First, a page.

6

I recently have come across a clause, his delight evident, reading a novel. Which I have found tricky to understand. I have been able to get to the meaning yet not to the structure it possesses.

Here are some improvised sentences I've just made.

  • He ran over to me, his delight evident, and hugged me already.

  • "Absolutely," said the man, his delight evident.

Could you please explain how the clause works?

Thanks.

  • 1
    What's with the already in the first example? It reads like a caricature of a Jewish speech pattern. – FumbleFingers Oct 1 '14 at 12:57
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It is an example of a [reduced] absolute phrase.

The following from grammar.ccc.com:

ABSOLUTE PHRASE

Usually (but not always, as we shall see), an absolute phrase (also called a nominative absolute) is a group of words consisting of a noun or pronoun and a participle as well as any related modifiers. Absolute phrases do not directly connect to or modify any specific word in the rest of the sentence; instead, they modify the entire sentence, adding information. They are always treated as parenthetical elements and are set off from the rest of the sentence with a comma or a pair of commas (sometimes by a dash or pair of dashes). Notice that absolute phrases contain a subject (which is often modified by a participle), but not a true finite verb.

Their reputation as winners secured by victory, the New York Liberty charged into the semifinals.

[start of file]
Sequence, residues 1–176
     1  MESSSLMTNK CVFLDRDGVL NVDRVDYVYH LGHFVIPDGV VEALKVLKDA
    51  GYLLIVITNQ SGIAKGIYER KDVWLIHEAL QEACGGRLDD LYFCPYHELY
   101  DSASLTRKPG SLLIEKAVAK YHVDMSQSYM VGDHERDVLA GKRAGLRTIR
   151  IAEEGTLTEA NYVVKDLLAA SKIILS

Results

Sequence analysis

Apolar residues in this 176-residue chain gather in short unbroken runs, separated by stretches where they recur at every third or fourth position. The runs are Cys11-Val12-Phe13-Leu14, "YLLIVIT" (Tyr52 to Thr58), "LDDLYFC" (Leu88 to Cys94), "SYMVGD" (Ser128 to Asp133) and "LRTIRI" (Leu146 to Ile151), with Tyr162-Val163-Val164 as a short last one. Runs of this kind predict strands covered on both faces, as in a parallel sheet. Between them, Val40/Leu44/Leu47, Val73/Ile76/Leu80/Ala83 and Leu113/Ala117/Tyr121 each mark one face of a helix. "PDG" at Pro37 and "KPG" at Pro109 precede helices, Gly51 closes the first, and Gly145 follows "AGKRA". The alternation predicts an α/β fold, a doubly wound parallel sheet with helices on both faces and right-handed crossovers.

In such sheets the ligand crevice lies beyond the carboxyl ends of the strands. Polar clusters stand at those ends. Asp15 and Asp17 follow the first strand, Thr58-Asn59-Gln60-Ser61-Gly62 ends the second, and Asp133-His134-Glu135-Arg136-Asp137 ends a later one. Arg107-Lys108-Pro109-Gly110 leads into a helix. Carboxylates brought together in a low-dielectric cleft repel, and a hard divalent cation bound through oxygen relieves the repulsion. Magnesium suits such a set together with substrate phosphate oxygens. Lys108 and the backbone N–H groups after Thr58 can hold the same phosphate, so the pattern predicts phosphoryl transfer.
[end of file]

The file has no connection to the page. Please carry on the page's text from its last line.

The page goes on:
The season nearly finished, Rebecca Lobo and Sophie Witherspoon emerged as true leaders.

The two superstars signed autographs into the night, their faces beaming happily.

When the participle of an absolute phrase is a form of to be, such as being or having been, the participle is often left out but understood.

The season [being] over, they were mobbed by fans in Times Square.

[Having been] Stars all their adult lives, they seemed used to the attention.

2

It is a participle phrase, with the verb implied. The sentence could be written

He ran over to me, his delight [being] evident, and hugged me already.

The phrase is used adjectivally to modify the pronoun He.

It is very common to omit the participle being when the phrase includes both a noun (such as delight) and predicate adjective (such as evident).

  • It is not a participle phrase. Recognize a participle phrase when you see one. A participle phrase will begin with a present or past participle. [bolding mine] {From this article}. – Edwin Ashworth Oct 1 '14 at 14:55
  • @EdwinAshworth What is it? – bib Oct 1 '14 at 14:59
  • It's an absolute phrase (with, as you say, 'being' deleted). – Edwin Ashworth Oct 1 '14 at 15:04

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